Radio host Rachel Smalley at the Newstalk ZB studio in Auckland City. Photo / APN

Smalley will be a loss for TV3 and she is entitled to be ambitious given her background as an anchor for Sky News in Britain, but it was bold to try to unseat Campbell. Smalley has a following and has always been ambitious.

She even took the unusual step of hiring her own publicity manager, Niki Schuck, who also represents the millionaire Eric Watson, and the Radio Network.

Board games

The Television New Zealand board met yesterday with the wounds still fresh from the latest troubles in TV One's news and current affairs division.

There was the fiasco over former Maori and Pacific unit general manager Shane Taurima organising a Labour Party meeting at the network centre - leading to a review of potential bias.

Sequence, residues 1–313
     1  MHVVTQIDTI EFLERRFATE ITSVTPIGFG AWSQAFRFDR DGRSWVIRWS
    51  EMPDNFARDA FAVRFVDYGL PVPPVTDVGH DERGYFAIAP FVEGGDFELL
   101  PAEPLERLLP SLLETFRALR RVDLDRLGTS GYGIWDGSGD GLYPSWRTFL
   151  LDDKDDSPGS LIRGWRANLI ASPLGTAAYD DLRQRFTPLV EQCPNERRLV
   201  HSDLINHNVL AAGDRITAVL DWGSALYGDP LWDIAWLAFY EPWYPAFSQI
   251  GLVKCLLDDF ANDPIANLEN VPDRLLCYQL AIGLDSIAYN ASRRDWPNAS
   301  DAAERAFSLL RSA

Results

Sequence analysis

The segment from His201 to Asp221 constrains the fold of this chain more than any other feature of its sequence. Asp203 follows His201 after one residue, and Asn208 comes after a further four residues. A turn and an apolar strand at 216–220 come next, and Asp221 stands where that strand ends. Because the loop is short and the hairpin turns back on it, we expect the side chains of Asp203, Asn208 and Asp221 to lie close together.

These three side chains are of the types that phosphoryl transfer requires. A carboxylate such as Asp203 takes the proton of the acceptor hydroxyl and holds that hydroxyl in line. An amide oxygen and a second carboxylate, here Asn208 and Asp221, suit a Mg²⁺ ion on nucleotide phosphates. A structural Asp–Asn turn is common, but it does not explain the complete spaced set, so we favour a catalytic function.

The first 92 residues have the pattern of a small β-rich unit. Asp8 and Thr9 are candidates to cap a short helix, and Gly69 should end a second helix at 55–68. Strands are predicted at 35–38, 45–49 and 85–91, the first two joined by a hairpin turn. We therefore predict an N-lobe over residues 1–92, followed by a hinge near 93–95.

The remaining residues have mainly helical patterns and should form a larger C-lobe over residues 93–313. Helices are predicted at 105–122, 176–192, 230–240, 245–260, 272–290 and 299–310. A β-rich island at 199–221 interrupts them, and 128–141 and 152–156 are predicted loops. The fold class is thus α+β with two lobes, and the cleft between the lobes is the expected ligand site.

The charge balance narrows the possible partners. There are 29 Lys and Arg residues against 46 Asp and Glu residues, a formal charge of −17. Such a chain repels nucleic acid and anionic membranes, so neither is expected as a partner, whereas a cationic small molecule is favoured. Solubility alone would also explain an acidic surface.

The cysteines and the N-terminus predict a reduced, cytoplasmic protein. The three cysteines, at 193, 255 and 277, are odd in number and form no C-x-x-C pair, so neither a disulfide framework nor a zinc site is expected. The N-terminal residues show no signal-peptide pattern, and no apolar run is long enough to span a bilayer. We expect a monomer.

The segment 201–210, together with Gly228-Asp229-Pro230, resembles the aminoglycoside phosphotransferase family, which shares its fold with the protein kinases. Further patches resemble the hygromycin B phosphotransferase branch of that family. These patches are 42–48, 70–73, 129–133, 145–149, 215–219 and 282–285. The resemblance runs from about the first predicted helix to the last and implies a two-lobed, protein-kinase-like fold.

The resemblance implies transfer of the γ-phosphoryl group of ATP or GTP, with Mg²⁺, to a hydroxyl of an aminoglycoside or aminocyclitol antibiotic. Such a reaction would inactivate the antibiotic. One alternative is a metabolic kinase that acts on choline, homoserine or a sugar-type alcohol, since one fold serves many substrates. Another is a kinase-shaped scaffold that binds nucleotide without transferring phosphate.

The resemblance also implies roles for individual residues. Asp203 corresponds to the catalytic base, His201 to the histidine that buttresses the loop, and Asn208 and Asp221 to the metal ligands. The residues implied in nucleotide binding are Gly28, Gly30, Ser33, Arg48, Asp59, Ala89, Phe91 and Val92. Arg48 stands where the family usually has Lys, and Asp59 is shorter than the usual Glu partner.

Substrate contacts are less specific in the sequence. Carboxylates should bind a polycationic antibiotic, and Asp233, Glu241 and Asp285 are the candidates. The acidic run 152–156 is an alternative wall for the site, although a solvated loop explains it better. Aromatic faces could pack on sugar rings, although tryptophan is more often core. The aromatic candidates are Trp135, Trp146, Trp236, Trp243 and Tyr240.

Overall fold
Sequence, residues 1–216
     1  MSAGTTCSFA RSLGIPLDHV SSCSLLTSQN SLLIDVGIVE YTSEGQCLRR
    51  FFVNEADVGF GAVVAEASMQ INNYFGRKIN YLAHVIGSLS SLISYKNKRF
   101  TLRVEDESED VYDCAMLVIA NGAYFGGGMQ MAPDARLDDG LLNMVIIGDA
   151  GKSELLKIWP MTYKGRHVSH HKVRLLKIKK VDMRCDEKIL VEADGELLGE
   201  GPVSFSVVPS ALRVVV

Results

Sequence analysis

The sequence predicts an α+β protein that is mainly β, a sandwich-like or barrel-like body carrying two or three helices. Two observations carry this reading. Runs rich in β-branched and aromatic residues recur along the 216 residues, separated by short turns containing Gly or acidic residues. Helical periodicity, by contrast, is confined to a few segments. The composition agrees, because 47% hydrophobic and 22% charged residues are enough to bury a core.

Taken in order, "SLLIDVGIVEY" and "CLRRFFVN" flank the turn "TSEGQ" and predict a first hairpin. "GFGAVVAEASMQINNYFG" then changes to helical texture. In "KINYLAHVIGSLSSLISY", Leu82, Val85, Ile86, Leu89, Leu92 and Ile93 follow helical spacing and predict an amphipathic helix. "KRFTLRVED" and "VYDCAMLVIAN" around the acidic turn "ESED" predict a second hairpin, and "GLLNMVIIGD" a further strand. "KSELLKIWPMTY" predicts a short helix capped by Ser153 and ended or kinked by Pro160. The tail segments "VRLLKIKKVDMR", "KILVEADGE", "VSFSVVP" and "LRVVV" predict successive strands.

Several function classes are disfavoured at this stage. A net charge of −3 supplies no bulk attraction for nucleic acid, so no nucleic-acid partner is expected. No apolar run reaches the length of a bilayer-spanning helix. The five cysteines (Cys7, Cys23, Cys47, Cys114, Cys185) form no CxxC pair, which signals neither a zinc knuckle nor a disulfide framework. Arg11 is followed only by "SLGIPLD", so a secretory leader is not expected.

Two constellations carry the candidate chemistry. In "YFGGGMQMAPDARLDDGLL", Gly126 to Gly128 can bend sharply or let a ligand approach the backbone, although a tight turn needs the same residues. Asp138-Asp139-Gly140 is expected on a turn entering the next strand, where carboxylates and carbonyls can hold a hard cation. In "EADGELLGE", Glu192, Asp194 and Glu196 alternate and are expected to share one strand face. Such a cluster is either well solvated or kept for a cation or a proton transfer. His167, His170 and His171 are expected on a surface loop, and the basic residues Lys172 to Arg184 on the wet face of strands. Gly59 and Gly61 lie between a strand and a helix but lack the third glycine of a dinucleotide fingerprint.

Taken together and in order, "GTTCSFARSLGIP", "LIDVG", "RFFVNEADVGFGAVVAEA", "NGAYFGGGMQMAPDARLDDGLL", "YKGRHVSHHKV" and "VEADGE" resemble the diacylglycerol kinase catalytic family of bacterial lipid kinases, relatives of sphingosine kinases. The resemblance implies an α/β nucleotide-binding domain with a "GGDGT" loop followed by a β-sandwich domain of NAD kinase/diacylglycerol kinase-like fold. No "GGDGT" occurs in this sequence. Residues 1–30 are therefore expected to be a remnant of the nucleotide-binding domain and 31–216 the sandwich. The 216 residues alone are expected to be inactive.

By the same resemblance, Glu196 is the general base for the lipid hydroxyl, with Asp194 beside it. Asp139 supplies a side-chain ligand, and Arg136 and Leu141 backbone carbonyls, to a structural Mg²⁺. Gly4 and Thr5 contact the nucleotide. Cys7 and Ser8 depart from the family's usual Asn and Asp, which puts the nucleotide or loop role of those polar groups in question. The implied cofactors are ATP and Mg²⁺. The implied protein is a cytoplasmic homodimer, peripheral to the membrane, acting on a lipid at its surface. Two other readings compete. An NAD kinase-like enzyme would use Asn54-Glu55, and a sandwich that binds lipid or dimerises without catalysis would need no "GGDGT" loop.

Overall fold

Now TVNZ faces the embarrassment of its most experienced news anchor, Peter Williams, and Seven Sharp staffer Dean Butler admitting that they made up comments for a Breakfast programme item about social media abuse of presenters.

Peter Williams at the AFTA film and television awards Photo / Michael Craig
Peter Williams at the AFTA film and television awards Photo / Michael Craig

TVNZ says the made-up comments were a simple mistake, but apart from calling a party political meeting at state TV, it's hard to think of a worse error for a TVNZ editorial leader.

In the past TVNZ has rejected my reports that the government-appointed board has questioned the approach of Seven Sharp.

But in my opinion the troubles at TVNZ are such that the board needs to examine what has gone wrong.

I predict the issue will be of intense interest to the deputy chairwoman, Joan Withers - the former chief executive of Fairfax Media - and Roger MacDonnell, the adman and branding expert who once headed Clemenger operations in New Zealand.